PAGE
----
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Article

14 Jul 2022

Author:
Kyle Wiggers, TechCrunch

Media outlet call Meta's first annual human rights report "largely self-congratulatory"

"Meta’s first human rights report is largely self-congratulatory", 14 July 2022

Meta ... released its first annual human rights report... The 83-page report, covering the years 2020 and 2021, strikes a largely self-congratulatory tone, defending Meta’s misinformation strategy while failing to touch on allegations of biased content moderation.

The human rights report, spearheaded by Meta human rights director Miranda Sissons... contains little in the way of revelations. Meta claims that it’s struck a “balance” between freedom of expression and security, with policies to fight health misinformation and emerging implicit threats.

But the report glosses over — among other topics — Meta’s efforts to date in India, where its products have often been overwhelmed with inflammatory content, reporting by The Wall Street Journal and others has shown. Meta commissioned an assessment of its India operations in 2020 from the law firm Foley Hoag LLP, but the report today contains only a summary of that assessment and Sissons has said that Meta doesn’t plan to release it in its entirety.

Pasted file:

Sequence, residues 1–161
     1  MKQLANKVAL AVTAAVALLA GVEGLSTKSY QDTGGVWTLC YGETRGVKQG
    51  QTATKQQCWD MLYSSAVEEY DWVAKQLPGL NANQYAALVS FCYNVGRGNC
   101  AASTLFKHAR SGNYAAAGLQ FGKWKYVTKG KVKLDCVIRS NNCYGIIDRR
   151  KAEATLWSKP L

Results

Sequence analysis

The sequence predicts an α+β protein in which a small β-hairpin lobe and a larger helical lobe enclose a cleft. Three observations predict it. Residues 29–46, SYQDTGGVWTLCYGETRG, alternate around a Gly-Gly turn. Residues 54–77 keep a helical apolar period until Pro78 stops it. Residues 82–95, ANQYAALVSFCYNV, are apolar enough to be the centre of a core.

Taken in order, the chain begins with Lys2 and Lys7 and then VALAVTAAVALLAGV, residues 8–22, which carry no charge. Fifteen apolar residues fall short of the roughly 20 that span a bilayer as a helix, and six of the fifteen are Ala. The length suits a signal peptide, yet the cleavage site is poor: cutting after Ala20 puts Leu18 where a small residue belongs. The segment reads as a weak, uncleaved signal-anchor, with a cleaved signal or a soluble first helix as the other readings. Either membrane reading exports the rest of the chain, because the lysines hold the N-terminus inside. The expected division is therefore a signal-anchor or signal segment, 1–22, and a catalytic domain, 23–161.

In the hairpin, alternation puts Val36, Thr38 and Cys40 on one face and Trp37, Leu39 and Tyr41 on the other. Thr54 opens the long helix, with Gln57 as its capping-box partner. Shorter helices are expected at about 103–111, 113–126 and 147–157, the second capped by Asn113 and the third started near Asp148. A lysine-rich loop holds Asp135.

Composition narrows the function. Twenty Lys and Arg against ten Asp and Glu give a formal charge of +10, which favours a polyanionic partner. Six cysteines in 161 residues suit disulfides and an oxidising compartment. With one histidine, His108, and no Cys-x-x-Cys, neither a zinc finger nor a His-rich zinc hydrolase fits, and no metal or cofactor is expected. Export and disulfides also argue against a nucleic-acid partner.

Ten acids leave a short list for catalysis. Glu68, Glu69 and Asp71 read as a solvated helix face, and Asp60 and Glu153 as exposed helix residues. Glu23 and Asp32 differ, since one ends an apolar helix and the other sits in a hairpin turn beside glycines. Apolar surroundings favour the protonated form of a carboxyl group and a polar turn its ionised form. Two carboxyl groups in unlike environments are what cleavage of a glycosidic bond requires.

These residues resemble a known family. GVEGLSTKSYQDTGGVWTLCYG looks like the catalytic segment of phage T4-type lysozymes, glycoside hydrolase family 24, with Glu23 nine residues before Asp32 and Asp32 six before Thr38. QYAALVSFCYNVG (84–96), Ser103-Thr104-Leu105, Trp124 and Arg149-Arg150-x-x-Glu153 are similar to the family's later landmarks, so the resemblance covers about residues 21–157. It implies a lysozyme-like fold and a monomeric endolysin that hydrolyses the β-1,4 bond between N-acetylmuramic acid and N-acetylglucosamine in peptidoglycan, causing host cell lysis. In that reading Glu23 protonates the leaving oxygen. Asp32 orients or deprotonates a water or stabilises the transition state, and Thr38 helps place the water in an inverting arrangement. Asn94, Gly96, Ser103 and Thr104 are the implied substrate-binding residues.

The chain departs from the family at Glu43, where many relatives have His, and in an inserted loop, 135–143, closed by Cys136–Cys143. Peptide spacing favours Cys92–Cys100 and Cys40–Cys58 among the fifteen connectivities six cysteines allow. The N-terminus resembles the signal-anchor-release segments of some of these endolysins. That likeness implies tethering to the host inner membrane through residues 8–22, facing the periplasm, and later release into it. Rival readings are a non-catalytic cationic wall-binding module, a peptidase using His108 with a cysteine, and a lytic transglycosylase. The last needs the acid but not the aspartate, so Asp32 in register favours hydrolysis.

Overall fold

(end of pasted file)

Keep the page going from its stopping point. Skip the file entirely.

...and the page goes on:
As Engadget points out, the report also avoids delving into the implications of the metaverse — an increasingly hairy space where it concerns human rights. Reports suggest that the metaverse as it exists today across Meta’s products — a mix of social virtual reality experiences — has a sexual assault and moderation problem. One corporate watchdog documented misogynistic and racist comments, insufficient protections for children and a reporting system that left the door open for repeat offenders.

Meta has commissioned various ad hoc assessments of its operations in recent years, including in Indonesia, Sri Lanka, Cambodia and Myanmar. High-profile leaks and hearings have increased pressure on the company to show that it’s making progress on stemming the tide of harmful content. Sissons told CNBC that about 100 people are now working on human rights-related issues at Meta, and that the size of the team she directly oversees has grown to eight people.

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